The dear only knows what will next prove a rose..."
Robert Frost (Poem lyrics of the Rose Family)Rosaceae (the rose family) includes economically important fruit crops such as apples (genus Malus), pears (genus Pyrus), raspberries/blackberries (genera Rubus), strawberries (genus Fragaria), and stone-fruits such as peaches, plums, cherries, almonds, apricots (genus Prunus). Among the species within the Rosaceae family, it has been proposed that Prunus persica (peach) may serve as an ideal genomic model (Christensen, 2003; Georgi et al., 2002; Sosinski et al., 2000). The characteristics of peach that make it a very interesting candidate as a genomic model are that it is a self-pollinating diploid (2n=16), has a small genome size of approximately 300Mb haploid size (approximately twice the size of Arabidopsis), and a relatively short juvenile stage for a perennial tree species (Arumuganathan and Earle, 1991; Baird et al., 1994; Georgi et al., 2002; Sosinski et al., 2000). Additionally, numerous efforts have been made to create tools to assist in developing peach as a genome model, and molecular markers, genetic linkage maps and BAC libraries have been developed (Dirlewanger et al., 1998; Georgi et al., 2002; Sosinski et al., 2000; Wang et al., 2002a, b).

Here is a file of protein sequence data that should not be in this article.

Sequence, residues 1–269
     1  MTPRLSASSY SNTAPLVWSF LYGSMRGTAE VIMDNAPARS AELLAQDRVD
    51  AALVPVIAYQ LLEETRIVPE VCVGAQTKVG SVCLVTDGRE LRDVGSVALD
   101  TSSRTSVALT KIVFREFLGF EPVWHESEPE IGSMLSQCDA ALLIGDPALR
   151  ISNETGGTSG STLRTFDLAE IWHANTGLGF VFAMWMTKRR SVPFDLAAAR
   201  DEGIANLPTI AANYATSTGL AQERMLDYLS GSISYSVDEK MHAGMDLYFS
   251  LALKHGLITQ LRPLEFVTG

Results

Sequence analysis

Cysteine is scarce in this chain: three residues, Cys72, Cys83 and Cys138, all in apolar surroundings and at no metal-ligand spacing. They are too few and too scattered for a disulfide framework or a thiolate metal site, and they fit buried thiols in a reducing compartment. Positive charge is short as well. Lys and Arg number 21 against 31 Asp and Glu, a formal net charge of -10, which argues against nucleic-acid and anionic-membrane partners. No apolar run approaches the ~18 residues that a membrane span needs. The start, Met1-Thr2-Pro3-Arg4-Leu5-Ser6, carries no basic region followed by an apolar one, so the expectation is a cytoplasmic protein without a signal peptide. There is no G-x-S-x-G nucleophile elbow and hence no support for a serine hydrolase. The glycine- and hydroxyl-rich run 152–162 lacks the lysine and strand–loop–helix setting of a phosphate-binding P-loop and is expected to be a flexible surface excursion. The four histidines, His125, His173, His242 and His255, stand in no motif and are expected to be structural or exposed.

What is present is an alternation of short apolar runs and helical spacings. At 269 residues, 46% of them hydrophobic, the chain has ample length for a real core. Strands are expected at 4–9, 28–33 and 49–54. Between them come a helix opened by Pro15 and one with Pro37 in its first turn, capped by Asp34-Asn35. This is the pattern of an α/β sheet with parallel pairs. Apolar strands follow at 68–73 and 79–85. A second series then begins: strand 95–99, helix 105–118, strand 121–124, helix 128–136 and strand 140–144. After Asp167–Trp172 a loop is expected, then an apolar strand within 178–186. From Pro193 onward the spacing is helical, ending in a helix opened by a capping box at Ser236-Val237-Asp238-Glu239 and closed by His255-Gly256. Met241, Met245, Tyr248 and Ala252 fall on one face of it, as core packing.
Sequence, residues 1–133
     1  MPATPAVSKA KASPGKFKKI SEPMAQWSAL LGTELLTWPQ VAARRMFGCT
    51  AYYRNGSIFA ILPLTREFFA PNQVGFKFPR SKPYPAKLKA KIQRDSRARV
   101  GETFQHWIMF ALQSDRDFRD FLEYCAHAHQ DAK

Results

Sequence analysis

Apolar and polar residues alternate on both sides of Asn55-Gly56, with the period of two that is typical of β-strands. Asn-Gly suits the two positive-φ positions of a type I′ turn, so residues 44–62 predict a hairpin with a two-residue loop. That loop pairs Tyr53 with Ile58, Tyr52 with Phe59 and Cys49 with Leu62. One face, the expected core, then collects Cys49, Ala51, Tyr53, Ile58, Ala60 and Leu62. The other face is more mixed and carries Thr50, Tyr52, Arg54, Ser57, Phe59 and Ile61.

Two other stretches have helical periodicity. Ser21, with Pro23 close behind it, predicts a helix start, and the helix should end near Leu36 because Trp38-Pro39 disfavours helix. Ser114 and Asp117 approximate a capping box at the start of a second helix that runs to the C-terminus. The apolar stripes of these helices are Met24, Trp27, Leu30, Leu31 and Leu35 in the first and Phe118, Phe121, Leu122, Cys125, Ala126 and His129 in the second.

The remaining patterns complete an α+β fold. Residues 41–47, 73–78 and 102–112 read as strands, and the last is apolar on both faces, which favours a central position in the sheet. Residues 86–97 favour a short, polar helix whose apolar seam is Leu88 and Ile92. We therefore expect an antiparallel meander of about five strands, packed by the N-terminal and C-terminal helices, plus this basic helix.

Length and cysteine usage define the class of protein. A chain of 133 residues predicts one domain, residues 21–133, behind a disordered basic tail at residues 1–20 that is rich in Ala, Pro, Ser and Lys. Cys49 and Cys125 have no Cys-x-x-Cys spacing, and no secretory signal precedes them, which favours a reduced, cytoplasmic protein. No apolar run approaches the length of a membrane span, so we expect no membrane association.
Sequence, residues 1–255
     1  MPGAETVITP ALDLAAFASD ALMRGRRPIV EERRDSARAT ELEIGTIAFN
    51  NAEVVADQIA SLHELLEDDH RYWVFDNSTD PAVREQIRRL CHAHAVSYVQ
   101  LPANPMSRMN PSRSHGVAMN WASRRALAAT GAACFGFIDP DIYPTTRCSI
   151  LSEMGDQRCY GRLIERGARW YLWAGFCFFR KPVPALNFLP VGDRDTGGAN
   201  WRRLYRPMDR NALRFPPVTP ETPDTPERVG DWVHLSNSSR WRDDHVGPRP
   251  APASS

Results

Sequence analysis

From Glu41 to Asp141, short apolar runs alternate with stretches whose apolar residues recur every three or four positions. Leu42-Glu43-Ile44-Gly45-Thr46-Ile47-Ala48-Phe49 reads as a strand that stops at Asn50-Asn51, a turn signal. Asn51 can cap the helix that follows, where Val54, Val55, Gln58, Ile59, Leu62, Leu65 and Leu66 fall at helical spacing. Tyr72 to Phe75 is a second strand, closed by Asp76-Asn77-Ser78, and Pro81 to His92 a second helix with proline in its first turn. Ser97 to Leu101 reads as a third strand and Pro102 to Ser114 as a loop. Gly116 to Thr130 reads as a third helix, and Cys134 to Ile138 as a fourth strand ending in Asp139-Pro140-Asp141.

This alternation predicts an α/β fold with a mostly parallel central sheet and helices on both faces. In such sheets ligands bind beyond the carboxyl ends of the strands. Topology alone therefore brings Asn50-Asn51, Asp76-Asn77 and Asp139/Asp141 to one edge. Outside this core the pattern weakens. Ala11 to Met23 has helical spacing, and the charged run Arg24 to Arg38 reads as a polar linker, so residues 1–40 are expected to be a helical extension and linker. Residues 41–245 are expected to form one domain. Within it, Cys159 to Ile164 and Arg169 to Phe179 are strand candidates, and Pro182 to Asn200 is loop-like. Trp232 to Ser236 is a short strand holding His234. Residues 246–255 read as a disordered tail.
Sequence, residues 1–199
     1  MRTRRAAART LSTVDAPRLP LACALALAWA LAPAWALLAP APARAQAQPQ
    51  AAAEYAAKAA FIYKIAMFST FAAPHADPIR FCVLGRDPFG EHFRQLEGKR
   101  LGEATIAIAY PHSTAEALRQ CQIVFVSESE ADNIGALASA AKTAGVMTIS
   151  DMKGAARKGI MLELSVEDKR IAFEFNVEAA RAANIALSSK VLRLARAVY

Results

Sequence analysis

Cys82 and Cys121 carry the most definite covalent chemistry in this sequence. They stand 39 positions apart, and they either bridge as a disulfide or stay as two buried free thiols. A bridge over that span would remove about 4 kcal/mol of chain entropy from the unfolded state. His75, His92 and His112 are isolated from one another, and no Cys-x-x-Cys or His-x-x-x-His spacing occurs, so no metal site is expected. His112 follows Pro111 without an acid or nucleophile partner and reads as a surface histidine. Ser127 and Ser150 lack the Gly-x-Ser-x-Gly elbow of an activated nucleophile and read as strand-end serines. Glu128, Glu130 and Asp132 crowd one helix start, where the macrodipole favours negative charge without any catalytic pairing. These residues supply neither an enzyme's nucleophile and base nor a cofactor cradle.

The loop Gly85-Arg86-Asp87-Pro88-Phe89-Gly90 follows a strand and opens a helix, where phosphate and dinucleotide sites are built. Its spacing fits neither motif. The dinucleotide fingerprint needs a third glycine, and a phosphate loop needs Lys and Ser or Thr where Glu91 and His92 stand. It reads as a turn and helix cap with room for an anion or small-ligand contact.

To further develop peach as a genomic model, it is necessary to optimize protocols for isolating total RNA so that cDNA libraries may be constructed to identify EST sequences and to allow gene expression analyses to be performed to begin to analyze putative gene functions. To this end, we have compared the efficiency of three different protocols for RNA isolation. The first two protocols: (1) A phenol:chloroform extraction and LiCl precipitation protocol (Das et al., 1990) and (2) A guanidinium thiocyanate-phenol-chloroform extraction protocol (Chomczynski and Sacchi, 1987), resulted in total RNA that was contaminated with large quantities of polysaccharides and phenolic compounds as determined by spectrophotometer analyses. The third protocol (Peach protocol) is one that we have developed to optimize RNA isolation from peach fruits containing high levels of polysaccharides and poly-phenolic compounds. This protocol is a modification of several different RNA isolation protocols from plants. (Chang et al., 1993; Salzman et al., 1999; Zeng and Yang, 2002). The Peach protocol uses CTAB, high salt concentrations (NaCl), and polyvinylpyrrolidone (PVP40) (PVP is an antioxidant able to remove phenolic compounds). This protocol yields high-quality total RNA from peach/nectarine fruits, suitable for functional genomics analyses such as RT-PCR analysis and cDNA library construction.